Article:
An interesting part of Kyotei is that the boats do not start from a stationary position. The boats and their captains are given a signal to leave their docks, from which they begin to circle around the course, warming up their motors and essentially selecting a starting position. A one-minute countdown is initiated and a dozen seconds prior to ending, the boats start racing towards the starting line at maximum speed. In order to set a level playing field, boats must cross thee starting line within one second after the countdown reaches 0 – should they cross too early or late they’ll be disqualified and the bets made on that particular boat are refunded to the betters.

First image by factsanddetails.com

Second image by metropolis.co.jp

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Auto Race

It may come as a surprise to those who have not visited Japan that gambling is, in fact, mostly prohibited in the country – some consider this an oddity of sorts as many Japanese find great entertainment value in games and types of competition that include chance, luck and other randomized variables.

However, there are a few legalized forms of gambling. These do not come in the form of casinos, but in the form of betting pools centered on so-called “public sports” – spectator sports that tend to draw significant amounts of viewers and large sums in the betting pools.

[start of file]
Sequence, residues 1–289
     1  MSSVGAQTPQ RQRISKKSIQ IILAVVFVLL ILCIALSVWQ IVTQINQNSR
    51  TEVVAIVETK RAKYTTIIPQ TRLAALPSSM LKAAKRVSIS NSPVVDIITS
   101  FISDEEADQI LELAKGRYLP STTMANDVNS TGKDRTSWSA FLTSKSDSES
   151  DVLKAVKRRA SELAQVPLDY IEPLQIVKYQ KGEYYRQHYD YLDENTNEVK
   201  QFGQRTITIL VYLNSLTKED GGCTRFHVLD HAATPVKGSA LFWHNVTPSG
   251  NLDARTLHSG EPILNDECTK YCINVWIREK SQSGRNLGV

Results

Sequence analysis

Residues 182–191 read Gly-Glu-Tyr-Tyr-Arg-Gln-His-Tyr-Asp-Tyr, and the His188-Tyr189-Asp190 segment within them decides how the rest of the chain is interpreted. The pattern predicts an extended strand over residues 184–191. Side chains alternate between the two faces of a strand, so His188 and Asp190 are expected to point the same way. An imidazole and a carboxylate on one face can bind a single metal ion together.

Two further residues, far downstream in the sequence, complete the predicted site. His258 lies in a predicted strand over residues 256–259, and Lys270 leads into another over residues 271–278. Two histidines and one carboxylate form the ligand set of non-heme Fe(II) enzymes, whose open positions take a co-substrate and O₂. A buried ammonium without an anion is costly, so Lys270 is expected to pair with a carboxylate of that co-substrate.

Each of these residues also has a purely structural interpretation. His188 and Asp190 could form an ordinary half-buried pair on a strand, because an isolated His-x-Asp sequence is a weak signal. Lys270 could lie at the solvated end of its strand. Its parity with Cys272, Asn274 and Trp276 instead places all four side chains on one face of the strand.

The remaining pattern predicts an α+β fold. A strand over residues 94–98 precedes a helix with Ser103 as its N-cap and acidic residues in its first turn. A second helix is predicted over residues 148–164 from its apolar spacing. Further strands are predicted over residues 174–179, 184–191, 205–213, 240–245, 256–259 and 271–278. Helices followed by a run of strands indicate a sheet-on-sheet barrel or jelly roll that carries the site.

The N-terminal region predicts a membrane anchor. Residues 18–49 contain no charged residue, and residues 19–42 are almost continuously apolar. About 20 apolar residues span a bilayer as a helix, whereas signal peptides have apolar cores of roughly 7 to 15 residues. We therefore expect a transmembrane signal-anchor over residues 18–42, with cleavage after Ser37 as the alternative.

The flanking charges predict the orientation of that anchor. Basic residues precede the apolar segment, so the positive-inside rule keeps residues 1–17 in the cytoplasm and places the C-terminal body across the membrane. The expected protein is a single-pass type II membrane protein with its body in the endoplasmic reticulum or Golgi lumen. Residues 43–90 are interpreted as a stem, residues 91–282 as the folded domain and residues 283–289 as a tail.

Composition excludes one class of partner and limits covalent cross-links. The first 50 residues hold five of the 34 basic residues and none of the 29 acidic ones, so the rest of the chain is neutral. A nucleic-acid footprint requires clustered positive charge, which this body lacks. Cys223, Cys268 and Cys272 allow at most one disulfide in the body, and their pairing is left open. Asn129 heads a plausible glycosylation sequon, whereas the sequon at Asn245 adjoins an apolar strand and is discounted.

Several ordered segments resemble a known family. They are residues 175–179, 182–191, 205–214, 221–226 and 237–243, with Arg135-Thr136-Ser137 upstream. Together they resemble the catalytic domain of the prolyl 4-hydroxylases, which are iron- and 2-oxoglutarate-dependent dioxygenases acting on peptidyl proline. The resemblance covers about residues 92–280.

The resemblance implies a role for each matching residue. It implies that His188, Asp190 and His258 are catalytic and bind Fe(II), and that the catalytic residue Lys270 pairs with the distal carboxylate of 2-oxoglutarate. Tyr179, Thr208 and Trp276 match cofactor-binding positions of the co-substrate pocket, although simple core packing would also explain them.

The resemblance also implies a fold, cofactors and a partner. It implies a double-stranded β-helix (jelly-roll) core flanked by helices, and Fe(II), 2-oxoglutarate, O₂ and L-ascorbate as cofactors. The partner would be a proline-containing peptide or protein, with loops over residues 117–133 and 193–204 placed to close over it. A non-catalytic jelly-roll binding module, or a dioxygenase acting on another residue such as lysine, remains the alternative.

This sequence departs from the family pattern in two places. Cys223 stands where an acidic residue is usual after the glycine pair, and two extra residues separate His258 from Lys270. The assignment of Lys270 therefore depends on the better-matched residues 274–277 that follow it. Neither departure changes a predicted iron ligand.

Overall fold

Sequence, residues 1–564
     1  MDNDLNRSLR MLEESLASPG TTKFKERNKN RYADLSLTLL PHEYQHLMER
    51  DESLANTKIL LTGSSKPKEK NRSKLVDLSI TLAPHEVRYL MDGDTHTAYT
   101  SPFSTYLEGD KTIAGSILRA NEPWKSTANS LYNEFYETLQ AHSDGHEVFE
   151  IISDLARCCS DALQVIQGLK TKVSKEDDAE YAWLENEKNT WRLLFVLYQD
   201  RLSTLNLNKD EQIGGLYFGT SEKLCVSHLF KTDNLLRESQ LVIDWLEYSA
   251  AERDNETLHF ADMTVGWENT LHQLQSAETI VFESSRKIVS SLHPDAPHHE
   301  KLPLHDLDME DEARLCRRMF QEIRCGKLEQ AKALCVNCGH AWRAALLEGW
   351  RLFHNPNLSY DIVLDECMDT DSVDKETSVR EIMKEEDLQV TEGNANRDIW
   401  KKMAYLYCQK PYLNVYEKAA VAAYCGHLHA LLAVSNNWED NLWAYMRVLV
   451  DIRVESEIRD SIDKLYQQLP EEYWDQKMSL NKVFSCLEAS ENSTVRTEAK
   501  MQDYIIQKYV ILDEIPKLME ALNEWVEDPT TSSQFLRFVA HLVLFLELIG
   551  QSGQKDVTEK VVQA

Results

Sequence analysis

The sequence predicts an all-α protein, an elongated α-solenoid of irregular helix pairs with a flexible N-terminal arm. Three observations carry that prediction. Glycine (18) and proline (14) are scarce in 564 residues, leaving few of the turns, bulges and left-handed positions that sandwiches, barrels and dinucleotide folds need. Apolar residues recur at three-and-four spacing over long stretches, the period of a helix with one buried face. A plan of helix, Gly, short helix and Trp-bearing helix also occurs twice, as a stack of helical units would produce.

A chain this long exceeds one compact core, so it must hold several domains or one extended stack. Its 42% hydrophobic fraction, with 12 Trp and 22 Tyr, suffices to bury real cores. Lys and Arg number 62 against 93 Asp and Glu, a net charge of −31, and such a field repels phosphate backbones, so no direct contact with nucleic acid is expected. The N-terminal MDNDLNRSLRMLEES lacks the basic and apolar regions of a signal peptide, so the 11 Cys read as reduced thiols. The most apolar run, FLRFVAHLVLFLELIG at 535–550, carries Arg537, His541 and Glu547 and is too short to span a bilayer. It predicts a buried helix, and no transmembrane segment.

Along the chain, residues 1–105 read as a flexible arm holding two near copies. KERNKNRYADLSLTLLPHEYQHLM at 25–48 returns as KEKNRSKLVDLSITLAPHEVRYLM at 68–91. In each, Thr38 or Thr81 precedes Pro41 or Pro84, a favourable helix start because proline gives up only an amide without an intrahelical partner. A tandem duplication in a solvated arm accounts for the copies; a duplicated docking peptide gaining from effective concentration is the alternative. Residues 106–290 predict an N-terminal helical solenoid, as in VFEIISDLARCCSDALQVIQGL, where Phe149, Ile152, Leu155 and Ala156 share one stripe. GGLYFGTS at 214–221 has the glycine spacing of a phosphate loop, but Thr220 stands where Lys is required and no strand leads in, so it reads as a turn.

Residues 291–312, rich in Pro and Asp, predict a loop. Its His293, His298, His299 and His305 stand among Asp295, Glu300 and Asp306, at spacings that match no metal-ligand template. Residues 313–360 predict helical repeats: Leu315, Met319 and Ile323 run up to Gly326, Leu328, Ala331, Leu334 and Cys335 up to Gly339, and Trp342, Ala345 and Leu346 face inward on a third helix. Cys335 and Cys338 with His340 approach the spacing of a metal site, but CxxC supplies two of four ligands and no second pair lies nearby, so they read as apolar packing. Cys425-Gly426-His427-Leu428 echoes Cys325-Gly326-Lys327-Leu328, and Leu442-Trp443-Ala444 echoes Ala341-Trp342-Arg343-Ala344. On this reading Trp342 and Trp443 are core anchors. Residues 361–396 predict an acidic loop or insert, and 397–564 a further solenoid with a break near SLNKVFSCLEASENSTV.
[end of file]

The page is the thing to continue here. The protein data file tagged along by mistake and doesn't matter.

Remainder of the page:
Auto Race, or Oto Resu locally, originated in the 1950s alongside many other Japanese gambling sports, notably the four which are now “public sports,” in a time period where Japan began reinventing itself as a dominant force in the world economy as a nation of progress for technology and scientific innovation.

Despite the sport’s name, Auto Race does not involve cars. Instead, the betting sport centers on high power motorcycles, normally in the engine power range of just under 600cc. Races today are held on asphalt courses, but originated on dirt tracks and other potentially hazardous surfaces. During the 1960s races on non-asphalt surfaces were banned and the sport standardized by racing on asphalt only, which is now a trademark of the sport. The sport is governed alongside the other gambling sports throughout Japan by the JKA Foundation.

An interesting aspect of the races is that all competing riders are required to spend the night prior to an event in a dormitory with the other riders. During this time, all riders are not allowed to communicate with any party outside the dorm, a measure implemented to prevent potential race-fixing. Race-fixing posed a serious problem in the sport prior to 1967 when the Japanese Yakuza controlled many facets of the sport behind the scenes, causing the popularity of the sport to almost fizzle into non-existence. However in 1967 a motorcycle federation was authorized to control the sport and cleaned it up as a result.